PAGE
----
In this post, I come back to my first experience teaching an advanced R course over the past month.


This course was programmed for 10 sessions (3 hours each) and I initially wanted to talk about the following subjects:

  1. R programming and good practices (2 sessions)

  2. Data analysis with the tidyverse (3 sessions)

  3. R code performance (2 sessions)

  4. R packages (2 sessions)

  5. Bonus: Shiny (1 session)

I basically sticked to this.

I should also mention the public: PhD students.


At first, I wanted to do an interactive course using package {learnr} but it would have required way too much work (my thesis supervisor would not have been happy!). So, finally I decided to use package {bookdown}. Using {bookdown} was really easy, and knowing how to use it now will spare me some time when I will write my thesis manuscript.

Materials are available there.

I also decided to create an associated package for mainly two reasons:

This idea of having a bookdown for materials with an associated package is not new (e.g. see the Efficient R Programming book and its associated package).

I also introduced my students to Slack so that we could communicate and share code.

All chapters

  1. I started the course with good practices such as coding style, using RStudio and Git, and getting help.

  2. I continued the course with some base R programming. This is not the funniest part of the course, but knowing this seemed to me as inevitable to be proficient in R.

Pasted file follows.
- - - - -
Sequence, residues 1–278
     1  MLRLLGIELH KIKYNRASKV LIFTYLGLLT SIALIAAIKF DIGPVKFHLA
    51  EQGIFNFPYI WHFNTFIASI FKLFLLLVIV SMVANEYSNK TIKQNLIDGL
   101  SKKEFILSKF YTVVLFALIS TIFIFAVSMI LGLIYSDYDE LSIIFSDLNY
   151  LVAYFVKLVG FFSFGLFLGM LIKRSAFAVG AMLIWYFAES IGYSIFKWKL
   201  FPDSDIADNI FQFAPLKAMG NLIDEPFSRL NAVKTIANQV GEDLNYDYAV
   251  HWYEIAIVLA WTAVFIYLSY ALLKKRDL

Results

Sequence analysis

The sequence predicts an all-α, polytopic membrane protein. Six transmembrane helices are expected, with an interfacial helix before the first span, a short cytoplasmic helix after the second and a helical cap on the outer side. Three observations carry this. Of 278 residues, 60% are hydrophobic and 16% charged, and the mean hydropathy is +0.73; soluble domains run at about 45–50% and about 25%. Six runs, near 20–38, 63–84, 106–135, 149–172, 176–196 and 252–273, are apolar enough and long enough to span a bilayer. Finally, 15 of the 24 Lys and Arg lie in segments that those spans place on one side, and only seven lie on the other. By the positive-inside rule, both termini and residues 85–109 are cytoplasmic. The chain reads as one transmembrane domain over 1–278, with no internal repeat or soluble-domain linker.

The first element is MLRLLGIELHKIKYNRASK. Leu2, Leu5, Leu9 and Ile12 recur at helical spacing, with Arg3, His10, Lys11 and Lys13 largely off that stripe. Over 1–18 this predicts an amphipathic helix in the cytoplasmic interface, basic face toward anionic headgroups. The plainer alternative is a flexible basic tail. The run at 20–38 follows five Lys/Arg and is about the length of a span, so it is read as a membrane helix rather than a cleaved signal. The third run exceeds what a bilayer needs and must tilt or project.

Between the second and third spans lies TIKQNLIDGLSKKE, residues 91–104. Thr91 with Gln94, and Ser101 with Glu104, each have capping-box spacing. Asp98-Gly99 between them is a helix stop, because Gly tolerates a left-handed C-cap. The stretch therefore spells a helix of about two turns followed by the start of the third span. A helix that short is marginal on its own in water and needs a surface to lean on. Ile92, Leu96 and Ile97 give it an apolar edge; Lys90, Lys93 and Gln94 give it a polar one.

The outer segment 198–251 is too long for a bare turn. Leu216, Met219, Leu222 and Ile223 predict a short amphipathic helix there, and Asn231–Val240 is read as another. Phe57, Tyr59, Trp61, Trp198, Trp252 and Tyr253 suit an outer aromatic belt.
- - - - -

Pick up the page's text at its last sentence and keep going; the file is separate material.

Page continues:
3. Then, we learned about the tidyverse using the R for Data Science book. While teaching this course, I have discovered that many people still don’t use {ggplot2} and {dplyr}. So, I had to introduce these two packages from scratch and it took me longer than I had anticipated. In 3 sessions (9h), I had the time to cover R Markdown, {ggplot2} and {dplyr} only.

  4. After the tidyverse, I covered performance of R code. I really like to solve performance problems on Stack Overflow and (I think) I’m really good at it. So, this may have been the chapter I could bring the most to the table. Moreover, one student came with one of the problem she had, and I used her problem as an exercise. At the end, she was able to make her code more than 1000 times faster. For the other exercises, I mainly used problems I had answered on Stack Overflow.

  5. For the last chapter, we covered how to make an R package. I showed them that it was really easy and fast, mainly thanks to packages {usethis} and {roxygen2}. We had time to cover the full documentation, testing, automatic checking of packages and even how to make a website of a package.

  6. Finally, the last session was a “bonus” session we could use either to spend more time on any topic or just to learn something fun like {Shiny}. Indeed, we could have spent at least two more sessions on the tidyverse and one on practicing about performance of R code. Using a Slack poll, we agreed to learn Shiny. For this, I used this nice and free DataCamp course.

Retrospective thoughts

  1. At least half of the materials I used is borrowed from others. At first, I felt bad about this because I felt lazy. But it has already taken me a lot of time to prepare these materials, just reinventing the wheel with some new materials that were already out there would have not been good for me or my students.

  2. I think using {bookdown}, Git and Slack was a good idea.

  3. I feel like I’ve covered lots of useful things. However, I would have wanted my course to be useful for more people (I had only ~10 students). Hopefully these materials will be useful for other people outside Grenoble, France.

    So don’t hesitate to comment this post or ask some questions!